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42 Nottingham Road
(Elm Villas)

Summary

42 Nottingham Road is half of a simple semi-detached pair of villa built about 1905 by James William Wilson, a local builder. Wilson’s father, Reuben, was described in trade directories for the last few years of the nineteenth century variously as a joiner, builder and cottager. The pair of houses had various owners who rented them to tenants for much of the twentieth century until number 42 was purchased separately by Charles Larkin as his residence. The house was sold in 1972 and again in September 2004.

Reuben Wilson had purchased a close of about 2.5 acres in 1875, on which he may have firstly built ‘The Homestead’, 36 Nottingham Road, in 1876. That house carries a date stone with the initials JW. The initials may have been for John Wilson, possibly Reuben’s father, who had been a bricklayer but by 1851 was described as a coal and lime agent of Fisher Lane. Reuben is recorded in the 1881 census as living around this part of Long Acre – Nottingham Road was part of Long Acre at this time. The ten year-old ‘James W’ of 1871 had dropped the ‘James’ in favour of ‘William’ by the 1881 census. James Walter Wilson’s granddaughter still lives in Bingham and remembers the Wilson’s having a builder’s yard at what is now number 38 Nottingham Road, , so it is possible he built this too. Her grandfather moved to Battersby House (11 Newgate Street) where he had a builder’s yard next door (the present number 13). We have not yet ascertained if he built Battersby House but it would seem a possibility. This is next door to 7-9 Newgate Sreeet, so if he built number11 he may have also built 7-9 for which we could not identify a builder.

Review of Documents, census and Directories

An abstract of title of James Walter Wilson, prepared in 1940, gives a potted history of the development. No older original papers such as leases or conveyances are with the deeds – it is possible these are with the deeds for number 40 as they would relate to both houses.

In February 1875 John Manning, a grocer of Nottingham, sold a piece of land known as Catchems In Close to Reuben Wilson, described as a joiner. We have been unable to trace a close of this name, but it would seem to be the field outlined in red on the 1835 Sanderson map (above).


On the tithe award map of 1841 (above) it seemed to be named Townsend Close. It was owned by Mary Watkinson and let to William Tomlinson, landlord of the Wheatsheaf Inn. Mary owned the freehold of the Wheatsheaf and another meadow in Chapel Field which she also rented to Tomlinson.

The field remained undeveloped until a few years before 1884, when the OS map, above, shows ‘The Homestead’ to be in existence in the SE corner of the plot (coloured red) - presumably built by Reuben just before 1880. The earliest reference to Reuben is in the directory of 1879 when he is listed as a joiner and builder of Nottingham Road. In later directories he is listed as a cottager as well, suggesting he did not do enough building work to survive on that alone; by 1900 he was described just as a farmer, by which time he would have been aged about 65. The whole of the plot of about 2.5 acres would have made a viable cottager’s holding

Reuben died intestate in 1905 and his son James William was granted letters of administration. In 1901 he mortgaged the piece of land on which the semi detached villas now stand to Samuel Weston, a gown merchant of Nottingham. Documents were not actually drawn up until 1906, when the land was described as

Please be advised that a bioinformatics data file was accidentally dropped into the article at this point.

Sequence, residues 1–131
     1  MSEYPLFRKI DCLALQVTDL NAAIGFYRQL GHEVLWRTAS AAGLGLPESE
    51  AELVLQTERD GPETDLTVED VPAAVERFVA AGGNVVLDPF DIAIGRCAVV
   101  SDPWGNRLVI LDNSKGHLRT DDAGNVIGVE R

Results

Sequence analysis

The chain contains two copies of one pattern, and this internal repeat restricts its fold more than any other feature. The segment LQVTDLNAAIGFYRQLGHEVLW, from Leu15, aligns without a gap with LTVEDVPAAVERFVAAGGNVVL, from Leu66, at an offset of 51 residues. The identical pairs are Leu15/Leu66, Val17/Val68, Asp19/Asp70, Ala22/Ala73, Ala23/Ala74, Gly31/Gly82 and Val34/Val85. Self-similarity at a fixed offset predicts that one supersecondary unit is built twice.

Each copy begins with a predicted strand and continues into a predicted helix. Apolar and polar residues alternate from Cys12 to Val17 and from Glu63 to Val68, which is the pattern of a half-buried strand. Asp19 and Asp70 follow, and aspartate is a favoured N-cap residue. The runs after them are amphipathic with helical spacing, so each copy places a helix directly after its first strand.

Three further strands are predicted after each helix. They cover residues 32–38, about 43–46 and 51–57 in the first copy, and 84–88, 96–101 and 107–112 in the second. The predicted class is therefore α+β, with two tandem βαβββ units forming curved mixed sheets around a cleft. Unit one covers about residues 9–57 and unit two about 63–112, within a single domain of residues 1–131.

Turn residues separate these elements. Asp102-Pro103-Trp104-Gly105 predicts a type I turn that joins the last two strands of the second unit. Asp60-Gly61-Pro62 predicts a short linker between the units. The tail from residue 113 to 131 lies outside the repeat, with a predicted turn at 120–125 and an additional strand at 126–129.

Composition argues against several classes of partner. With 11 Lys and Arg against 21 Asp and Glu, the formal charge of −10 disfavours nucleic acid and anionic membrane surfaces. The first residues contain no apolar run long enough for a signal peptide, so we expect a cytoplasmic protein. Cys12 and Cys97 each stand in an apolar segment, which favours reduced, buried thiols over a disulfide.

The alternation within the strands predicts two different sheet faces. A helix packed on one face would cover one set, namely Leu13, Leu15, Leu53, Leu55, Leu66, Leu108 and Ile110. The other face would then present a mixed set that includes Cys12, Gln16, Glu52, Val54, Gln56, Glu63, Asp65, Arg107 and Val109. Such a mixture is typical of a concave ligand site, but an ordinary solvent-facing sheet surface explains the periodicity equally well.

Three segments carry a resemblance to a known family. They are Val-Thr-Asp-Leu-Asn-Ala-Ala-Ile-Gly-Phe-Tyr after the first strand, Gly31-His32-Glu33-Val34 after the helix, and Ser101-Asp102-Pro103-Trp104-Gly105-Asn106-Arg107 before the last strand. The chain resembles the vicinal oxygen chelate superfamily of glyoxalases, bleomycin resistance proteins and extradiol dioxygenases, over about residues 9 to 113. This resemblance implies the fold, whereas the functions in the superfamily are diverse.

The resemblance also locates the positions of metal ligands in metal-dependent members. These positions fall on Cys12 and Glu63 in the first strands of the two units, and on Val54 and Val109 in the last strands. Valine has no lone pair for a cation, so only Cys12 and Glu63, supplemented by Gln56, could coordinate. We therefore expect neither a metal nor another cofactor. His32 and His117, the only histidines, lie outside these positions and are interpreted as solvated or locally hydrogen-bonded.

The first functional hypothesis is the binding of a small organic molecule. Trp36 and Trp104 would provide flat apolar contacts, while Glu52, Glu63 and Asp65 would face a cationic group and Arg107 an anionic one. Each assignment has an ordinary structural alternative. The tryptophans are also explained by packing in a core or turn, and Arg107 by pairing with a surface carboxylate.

Fronting onto the turnpike road from Nottingham to Grantham amounting to 388 square yards formerly part of a close or pasture called Catchem In Close conveyed to Reuben Wilson on 24 February 1875 and bounded on
The north and east by other property of J W Wilson (The Homestead and the remaining part of the close)
South by the Turnpike
West by hereditaments of John Hutchinson

And also

Those two messuages and outbuildings recently erected by J W Wilson

He borrowed £250 initially at 4%, and then another £150 in December.

This may have been to provide working capital to build the houses, as we have seen in many of the operations of another Bingham builder of the period, James Walker. It was still common, even though banks and building societies had been long established, for private mortgage loans to be arranged in this manner.

The houses remained in Wilson’s ownership until he died in 1940, having a succession of tenants. Wilson’s son-in-law, James Robert Dyble and his friend Arthur Parry, the County Surveyor, were executors. In 1942 Dyble sold both houses for £430 to Frank Sherwood, a farmer of Barton in Fabis, and he presumably continued to rent them to tenants. In 1942 the tenants were recorded as J W Strong and George Ward. Sherwood took a mortgage with Nottingham Building Society for £300.

In August 1949 Sherwood sold the houses for £550 to George Hales, an estate agent of Nottingham. There is an interesting note on a later abstract of title to the effect that

‘The property was on 1st July 1948 used as a single house and curtailage…’

Whether the houses were ever ‘knocked together’ we do not know - they are certainly separate now!

Hales sold them to Thomas Arthur Roadley a few months later for £800. He was described as a small holder of Nottingham Road - but we do not at present know if he had acquired any of the other land for his business, or indeed where his small holding was. In 1959 he sold number 42 for £1425 to Charles Alexander Larkin, who seems to have been the first owner/occupier since the house was built. As was common at that time he took a mortgage with Bingham Rural District Council. He died in 1972 and his widow Hilda sold to Darrel Spencer. The house was sold again in September 2004.


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